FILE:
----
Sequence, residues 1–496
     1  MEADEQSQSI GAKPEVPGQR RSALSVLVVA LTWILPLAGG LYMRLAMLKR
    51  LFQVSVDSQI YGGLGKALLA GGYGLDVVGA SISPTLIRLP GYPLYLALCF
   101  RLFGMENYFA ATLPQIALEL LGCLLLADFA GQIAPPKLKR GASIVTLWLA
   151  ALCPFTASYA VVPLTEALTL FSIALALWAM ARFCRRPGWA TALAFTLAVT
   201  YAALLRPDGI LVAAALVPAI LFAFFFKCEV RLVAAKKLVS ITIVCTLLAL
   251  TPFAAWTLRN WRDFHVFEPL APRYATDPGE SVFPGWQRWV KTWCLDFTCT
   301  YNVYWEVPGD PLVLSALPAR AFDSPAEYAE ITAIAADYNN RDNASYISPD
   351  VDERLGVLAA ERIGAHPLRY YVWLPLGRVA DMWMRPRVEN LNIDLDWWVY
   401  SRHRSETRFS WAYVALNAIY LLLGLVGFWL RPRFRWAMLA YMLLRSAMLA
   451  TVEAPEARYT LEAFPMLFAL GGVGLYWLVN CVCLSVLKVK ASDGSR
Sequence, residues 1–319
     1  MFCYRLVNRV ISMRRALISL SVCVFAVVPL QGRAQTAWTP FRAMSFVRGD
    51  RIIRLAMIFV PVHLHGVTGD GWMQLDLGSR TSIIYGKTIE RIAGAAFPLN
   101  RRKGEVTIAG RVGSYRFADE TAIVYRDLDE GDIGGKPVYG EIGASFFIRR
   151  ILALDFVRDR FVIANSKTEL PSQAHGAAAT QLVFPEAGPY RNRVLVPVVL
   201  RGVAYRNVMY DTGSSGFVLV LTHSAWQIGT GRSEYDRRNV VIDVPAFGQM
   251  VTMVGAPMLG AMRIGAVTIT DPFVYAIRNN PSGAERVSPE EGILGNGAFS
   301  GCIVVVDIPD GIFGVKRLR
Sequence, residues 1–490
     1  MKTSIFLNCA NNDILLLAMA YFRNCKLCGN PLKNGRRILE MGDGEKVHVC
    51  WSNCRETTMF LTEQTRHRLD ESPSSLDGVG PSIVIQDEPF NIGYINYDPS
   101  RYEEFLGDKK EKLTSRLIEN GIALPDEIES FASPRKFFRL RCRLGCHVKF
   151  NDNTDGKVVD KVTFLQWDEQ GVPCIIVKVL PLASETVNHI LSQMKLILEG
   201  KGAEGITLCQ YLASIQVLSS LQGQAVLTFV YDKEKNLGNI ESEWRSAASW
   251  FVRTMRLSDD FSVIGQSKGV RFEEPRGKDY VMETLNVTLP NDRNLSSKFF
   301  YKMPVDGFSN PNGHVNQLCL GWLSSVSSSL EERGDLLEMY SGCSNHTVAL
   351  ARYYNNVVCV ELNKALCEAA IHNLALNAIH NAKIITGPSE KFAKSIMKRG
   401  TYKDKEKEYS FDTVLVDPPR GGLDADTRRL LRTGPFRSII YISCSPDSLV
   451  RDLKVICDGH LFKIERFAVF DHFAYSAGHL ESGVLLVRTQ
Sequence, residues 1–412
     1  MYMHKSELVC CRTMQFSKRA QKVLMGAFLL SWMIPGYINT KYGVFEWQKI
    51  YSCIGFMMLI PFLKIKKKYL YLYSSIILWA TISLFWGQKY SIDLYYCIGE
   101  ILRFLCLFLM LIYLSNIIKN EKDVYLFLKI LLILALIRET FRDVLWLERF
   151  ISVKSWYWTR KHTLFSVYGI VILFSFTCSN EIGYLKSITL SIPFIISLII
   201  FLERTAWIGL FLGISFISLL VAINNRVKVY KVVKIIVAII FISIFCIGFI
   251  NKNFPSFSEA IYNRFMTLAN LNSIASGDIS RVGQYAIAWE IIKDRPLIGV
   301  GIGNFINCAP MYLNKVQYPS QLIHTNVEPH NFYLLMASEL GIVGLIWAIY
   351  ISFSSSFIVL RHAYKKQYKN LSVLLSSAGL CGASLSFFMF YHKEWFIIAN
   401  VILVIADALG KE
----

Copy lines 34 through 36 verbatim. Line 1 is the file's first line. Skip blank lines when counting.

   101  ILRFLCLFLM LIYLSNIIKN EKDVYLFLKI LLILALIRET FRDVLWLERF
   151  ISVKSWYWTR KHTLFSVYGI VILFSFTCSN EIGYLKSITL SIPFIISLII
   201  FLERTAWIGL FLGISFISLL VAINNRVKVY KVVKIIVAII FISIFCIGFI